SAN LUIS OBISPO — As COVID-19 cases increase in San Luis Obispo County, more people may come into close contact with someone who tests positive for the virus. Local health officials ask those individuals to self-quarantine until they get a call from a contact tracer.
“Contact tracers are working double-pace to quickly inform contacts that they may have been exposed, but our caseload continues to increase, which means there is a delay,” said Dr. Penny Borenstein, County Health Officer. “If you have been in close contact with someone who has recently tested positive, please stay home and separate yourself from others until you hear from a contact tracer. Only leave the house during this time to get tested or seek health care. We need your help to break the chain of infection.”
There are currently more than 800 active cases of COVID-19 in SLO County, most of whom are recovering at home. However, this the greatest number of active local cases at one time and local contact tracers are struggling to keep up to quickly inform contacts of possible exposure. In some cases, it may take a few days for a contact tracer to call a close contact of a known case.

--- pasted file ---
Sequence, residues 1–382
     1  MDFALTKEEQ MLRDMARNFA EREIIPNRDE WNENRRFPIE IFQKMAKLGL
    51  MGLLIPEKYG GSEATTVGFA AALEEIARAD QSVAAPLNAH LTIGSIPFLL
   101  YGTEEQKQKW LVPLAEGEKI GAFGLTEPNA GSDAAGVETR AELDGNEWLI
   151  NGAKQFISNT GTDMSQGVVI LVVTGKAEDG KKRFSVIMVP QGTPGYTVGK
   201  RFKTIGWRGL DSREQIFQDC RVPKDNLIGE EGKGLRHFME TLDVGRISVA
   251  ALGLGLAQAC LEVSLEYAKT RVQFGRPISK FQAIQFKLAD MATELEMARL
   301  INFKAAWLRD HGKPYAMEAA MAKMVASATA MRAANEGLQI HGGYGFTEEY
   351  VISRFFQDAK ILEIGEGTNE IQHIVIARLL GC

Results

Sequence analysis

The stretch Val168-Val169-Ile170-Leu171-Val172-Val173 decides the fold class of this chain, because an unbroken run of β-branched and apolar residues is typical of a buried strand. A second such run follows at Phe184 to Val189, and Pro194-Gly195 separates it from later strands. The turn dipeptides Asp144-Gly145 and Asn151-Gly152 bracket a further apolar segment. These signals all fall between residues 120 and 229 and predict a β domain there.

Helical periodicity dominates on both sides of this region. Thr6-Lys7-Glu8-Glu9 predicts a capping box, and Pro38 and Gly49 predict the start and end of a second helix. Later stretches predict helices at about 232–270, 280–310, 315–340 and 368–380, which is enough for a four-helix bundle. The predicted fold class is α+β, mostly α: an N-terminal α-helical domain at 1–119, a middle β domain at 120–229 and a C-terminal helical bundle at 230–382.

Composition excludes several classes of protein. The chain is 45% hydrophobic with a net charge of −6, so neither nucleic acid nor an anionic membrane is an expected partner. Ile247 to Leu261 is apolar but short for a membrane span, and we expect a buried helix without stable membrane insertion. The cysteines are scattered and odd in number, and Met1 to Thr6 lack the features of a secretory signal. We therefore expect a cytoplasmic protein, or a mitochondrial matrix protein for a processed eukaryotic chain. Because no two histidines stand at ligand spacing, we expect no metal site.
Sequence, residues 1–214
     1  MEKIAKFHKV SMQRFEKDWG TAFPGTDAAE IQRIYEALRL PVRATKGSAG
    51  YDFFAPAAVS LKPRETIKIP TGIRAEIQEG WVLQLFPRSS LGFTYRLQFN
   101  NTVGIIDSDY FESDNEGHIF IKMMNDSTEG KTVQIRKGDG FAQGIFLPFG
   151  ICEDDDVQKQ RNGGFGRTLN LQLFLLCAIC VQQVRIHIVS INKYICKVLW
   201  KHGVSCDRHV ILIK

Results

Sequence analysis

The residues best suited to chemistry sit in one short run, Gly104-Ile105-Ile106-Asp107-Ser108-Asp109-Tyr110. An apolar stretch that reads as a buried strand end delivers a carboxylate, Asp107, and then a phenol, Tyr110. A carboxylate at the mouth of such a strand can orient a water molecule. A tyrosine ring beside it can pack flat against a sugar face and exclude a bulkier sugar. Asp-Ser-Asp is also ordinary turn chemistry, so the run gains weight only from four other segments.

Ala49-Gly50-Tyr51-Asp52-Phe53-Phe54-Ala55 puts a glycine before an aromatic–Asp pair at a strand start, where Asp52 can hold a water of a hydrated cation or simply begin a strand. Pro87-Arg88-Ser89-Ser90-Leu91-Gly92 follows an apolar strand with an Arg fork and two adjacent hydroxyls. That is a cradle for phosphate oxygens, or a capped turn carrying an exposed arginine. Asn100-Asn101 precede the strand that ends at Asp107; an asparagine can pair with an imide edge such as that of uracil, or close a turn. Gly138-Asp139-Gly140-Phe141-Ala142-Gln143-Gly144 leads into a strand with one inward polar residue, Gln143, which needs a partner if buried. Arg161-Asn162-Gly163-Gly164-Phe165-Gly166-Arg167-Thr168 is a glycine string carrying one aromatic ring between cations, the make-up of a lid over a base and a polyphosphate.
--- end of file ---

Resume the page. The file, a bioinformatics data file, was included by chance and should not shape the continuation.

“Close contact” is defined as being within six feet of a person for at least 15 minutes total over a period of 24 hours when they are sick, during the two days before they started to feel sick, or two days before they got tested if they never felt sick.
It can take as little as two days to as many as 14 days after being near someone with COVID-19 to feel any symptoms or know if you are infected. Some people who are infected never have symptoms but can still spread the disease to others, which is why separating yourself if you think you’ve been exposed can help stop the spread.
For updates on COVID-19 in SLO County, visit ReadySLO.org or call the recorded Public Health Information Line at 805-788-2903. A staffed phone assistance center at 805-543-2444 is available Monday to Friday, from 8 a.m. to 5 p.m., to assist with questions related to COVID-19.